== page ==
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53 FR 37082-37247 Friday, Sept. 23, 1988 40 CFR Parts 280 and 281, Underground Storage Tanks; Technical Requirements and State Program Approval; Final Rules--Preamble Section IV. Analysis of Today's Rule--H. Analysis of Other Significant Comments

PREAMBLE
(37185-37186)


IV. Analysis of Today's Rule

H. Analysis of Other Significant Comments

1. Reliance on Codes Developed by Nationally Recognized Organizations

2. Additional Decisionmaking Authority for Implementing Agencies


IV. ANALYSIS OF TODAY'S RULE

IV.H. Analysis of Other Significant Comments

1. Reliance on Codes Developed by Nationally Recognized Organizations
As described in the preamble to the proposed rule (52 FR 12696), the regulations required that all UST systems be designed, constructed, and protected from corrosion in accordance with a code of practice developed by a nationally recognized association or independent testing laboratory. In today's final regulations, the Agency has also included the use of industry codes for other technical sections of the rule (such as upgrading and repair of existing USTs). The Agency has noted throughout today's final technical regulations specific codes of practice that have or may be developed.

EPA did not receive any comments that were against or critical of the use of industry codes. One commenter did express the need for public input during the development of federal technical regulations. The Agency agrees that public participation is necessary for the development of sound industry codes and practices. In fact, the Agency wants to expand the use of and reliance on industry codes in order to provide a means for improving existing or methods or developing alternative methods of UST system management. EPA does not intend to adopt inadequate codes but wants to provide a flexible approach to codemaking by relying on nationally recognized organizations to develop new and improved codes and practices through a public process.

EPA is today clarifying this issue to alleviate any future misunderstandings. EPA interprets a "nationally recognized organization" to mean a technical or professional organization that has issued standards formed by the consensus of its members. The organization should ensure consideration of all relevant viewpoints and interests, including those of consumers and future or existing and potential industry participants, and the resulting standards should be widely accepted and technically sound. Thus, any code developed by an organization should be based upon a broad range of technical information, and performance criteria should be central elements of the resulting standards. EPA believes that the following organizations, which have codes and standards referenced in today's regulations, are examples of "nationally recognized organizations":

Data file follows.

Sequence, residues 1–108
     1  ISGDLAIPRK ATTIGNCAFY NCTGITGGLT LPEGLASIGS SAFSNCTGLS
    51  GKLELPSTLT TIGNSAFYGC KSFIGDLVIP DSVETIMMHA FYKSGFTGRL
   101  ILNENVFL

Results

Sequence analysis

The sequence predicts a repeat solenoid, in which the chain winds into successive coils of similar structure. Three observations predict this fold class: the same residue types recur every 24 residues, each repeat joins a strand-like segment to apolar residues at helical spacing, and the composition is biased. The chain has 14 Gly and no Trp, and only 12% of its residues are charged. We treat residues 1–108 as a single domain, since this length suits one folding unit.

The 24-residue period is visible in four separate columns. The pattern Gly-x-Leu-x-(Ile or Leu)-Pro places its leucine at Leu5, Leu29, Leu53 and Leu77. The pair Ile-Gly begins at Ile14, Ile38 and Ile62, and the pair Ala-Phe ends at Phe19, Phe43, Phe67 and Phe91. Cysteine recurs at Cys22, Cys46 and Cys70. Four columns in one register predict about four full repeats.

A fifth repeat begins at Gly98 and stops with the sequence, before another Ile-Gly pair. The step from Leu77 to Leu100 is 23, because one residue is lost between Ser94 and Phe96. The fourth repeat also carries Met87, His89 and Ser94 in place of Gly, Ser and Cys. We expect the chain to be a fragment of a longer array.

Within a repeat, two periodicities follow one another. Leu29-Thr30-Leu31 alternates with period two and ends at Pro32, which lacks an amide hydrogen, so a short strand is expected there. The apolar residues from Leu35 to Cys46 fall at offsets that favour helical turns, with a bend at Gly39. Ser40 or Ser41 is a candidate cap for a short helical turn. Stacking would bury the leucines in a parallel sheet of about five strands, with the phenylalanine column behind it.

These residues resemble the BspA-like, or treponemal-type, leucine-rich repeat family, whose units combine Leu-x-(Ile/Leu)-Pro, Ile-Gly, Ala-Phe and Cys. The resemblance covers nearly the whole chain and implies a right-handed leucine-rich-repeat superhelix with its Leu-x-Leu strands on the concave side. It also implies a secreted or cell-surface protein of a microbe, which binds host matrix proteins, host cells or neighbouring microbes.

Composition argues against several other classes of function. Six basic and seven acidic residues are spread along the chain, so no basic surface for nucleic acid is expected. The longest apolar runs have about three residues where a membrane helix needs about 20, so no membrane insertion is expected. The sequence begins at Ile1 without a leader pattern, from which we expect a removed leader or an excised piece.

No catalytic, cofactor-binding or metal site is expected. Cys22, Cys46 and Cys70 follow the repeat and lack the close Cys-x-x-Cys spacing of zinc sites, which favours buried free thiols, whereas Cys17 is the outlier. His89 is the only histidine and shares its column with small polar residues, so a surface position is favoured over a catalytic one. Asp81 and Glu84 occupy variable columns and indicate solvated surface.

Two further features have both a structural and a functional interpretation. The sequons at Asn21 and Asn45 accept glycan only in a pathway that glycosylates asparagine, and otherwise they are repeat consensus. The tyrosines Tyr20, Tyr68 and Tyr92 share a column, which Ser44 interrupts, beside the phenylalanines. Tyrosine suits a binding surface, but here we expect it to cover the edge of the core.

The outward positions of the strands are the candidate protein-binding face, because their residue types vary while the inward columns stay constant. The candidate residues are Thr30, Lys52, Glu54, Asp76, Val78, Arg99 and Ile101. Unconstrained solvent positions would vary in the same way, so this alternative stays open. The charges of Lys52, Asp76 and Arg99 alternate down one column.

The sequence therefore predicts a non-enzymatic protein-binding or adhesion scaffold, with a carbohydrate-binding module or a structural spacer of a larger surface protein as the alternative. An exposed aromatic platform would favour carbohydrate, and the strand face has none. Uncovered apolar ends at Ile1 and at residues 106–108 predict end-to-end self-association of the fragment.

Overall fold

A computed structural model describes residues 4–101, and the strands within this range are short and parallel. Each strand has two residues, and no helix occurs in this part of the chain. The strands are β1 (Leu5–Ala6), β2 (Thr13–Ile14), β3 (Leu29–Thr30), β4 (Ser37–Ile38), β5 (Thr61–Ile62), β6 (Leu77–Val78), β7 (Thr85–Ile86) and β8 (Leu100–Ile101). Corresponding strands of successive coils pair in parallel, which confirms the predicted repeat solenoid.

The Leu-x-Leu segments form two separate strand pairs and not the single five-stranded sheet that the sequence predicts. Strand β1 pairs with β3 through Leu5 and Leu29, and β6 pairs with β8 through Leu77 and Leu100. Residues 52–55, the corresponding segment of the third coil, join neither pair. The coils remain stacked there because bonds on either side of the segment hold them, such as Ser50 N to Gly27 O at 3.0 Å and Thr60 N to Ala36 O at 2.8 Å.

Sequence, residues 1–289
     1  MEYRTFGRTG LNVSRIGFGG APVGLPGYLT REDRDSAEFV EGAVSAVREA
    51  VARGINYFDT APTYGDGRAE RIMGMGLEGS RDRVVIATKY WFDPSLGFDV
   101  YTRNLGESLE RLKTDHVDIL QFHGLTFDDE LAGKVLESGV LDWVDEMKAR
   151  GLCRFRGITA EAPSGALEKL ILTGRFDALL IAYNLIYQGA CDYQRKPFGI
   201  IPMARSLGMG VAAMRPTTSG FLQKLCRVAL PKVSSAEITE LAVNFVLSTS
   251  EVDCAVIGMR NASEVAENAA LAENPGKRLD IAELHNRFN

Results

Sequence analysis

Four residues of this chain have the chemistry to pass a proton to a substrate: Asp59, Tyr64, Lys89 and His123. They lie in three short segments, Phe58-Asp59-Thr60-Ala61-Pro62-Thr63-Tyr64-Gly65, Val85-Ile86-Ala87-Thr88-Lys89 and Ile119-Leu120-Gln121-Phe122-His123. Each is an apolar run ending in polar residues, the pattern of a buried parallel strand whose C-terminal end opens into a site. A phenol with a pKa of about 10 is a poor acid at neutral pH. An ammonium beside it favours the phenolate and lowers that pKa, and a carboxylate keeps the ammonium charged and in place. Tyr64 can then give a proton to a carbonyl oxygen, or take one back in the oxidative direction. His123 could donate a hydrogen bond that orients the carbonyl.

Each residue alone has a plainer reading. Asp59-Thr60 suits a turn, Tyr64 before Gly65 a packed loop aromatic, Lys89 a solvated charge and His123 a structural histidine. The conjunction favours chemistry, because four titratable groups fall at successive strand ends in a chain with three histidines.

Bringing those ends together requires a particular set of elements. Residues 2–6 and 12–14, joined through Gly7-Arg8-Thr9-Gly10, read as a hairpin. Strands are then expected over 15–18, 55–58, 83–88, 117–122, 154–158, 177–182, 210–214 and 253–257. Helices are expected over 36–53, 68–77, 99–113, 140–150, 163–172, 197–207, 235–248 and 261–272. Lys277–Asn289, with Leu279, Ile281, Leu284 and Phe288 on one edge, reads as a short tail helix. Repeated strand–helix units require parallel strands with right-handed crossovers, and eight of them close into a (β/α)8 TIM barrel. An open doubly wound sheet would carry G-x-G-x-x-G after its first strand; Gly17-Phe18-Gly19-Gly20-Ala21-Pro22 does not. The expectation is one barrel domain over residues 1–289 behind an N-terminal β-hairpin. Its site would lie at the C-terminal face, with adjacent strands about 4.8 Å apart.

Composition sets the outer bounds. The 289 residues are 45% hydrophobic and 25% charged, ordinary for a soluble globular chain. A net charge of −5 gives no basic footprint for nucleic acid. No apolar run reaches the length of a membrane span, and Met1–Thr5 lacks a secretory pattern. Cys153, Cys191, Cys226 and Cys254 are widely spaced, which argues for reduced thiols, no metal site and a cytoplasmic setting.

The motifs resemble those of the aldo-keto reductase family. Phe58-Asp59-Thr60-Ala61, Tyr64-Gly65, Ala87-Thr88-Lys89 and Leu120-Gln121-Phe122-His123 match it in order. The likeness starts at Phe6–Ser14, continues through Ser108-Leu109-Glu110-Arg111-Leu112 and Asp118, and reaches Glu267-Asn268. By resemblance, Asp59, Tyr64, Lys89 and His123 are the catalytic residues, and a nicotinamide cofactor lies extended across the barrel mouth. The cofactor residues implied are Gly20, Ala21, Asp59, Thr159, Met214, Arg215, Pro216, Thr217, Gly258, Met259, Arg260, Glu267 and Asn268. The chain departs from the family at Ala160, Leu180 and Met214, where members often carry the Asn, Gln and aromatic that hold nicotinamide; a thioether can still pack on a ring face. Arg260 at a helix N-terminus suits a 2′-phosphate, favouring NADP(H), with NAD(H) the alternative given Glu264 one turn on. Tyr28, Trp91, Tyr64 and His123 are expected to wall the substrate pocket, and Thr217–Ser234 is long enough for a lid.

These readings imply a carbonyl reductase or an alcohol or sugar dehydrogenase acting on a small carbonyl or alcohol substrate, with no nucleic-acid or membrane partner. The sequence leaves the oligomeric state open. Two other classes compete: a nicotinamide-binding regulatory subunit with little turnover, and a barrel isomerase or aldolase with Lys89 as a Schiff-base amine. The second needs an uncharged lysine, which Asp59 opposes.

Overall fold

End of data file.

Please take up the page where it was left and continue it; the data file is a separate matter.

American Petroleum Institute (API)
Association of Composite Tanks (ACT))
National Association of Corrosion Engineers (NACE))
National Fire Protection Association (NFPA))
National Leak Prevention Association (NLPA))
Petroleum Equipment Institute (PEI))
Steel Tank Institute (STI))
Underwriters Laboratory (UL)

Other similar organizations may also be considered "nationally recognized."

The final rule does not require the use of a particular issue of any code. The consensus codes are frequently revised and updated. The Agency believes that requiring the use of "the most recent edition" would cause undue confusion in the regulated community. For example, a facility may be installed in accordance with codes that are current at the time but may not have the equipment that meets the codes that are current 10 years later. EPA has concluded that the industry codes that are in effect at the date of publication of the final rule are protective of human health and the environment. The use of future editions of the codes in place of the editions that are now in effect is not required, but is encouraged as the updated codes will probably provide for newer, more effective technologies and practices. The use of past codes that have been replaced by new editions by the effective date of this rule is not allowed because some past recommended industry practices were not fully protective of human health and the environment.

The Office of Management and Budget has discussed regulatory codes and standards (OMB Circular A119, dated October 26, 1982). OMB encourages the reliance on voluntary standards, commonly referred to as industry standards or consensus codes. The developers of such codes are called voluntary standards bodies, and are defined to by OMB to include private sector, domestic, or multinational organizations--such as nonprofit organizations; industry associations, professional and technical societies, institutions, or groups; and recognized testing laboratories--that plan, develop, establish, or coordinate voluntary standards. EPA interpretation of the phrase "nationally recognized organization" is intended to encourage the development and use of voluntary standards.

2. Additional Decisionmaking Authority for Implementing Agencies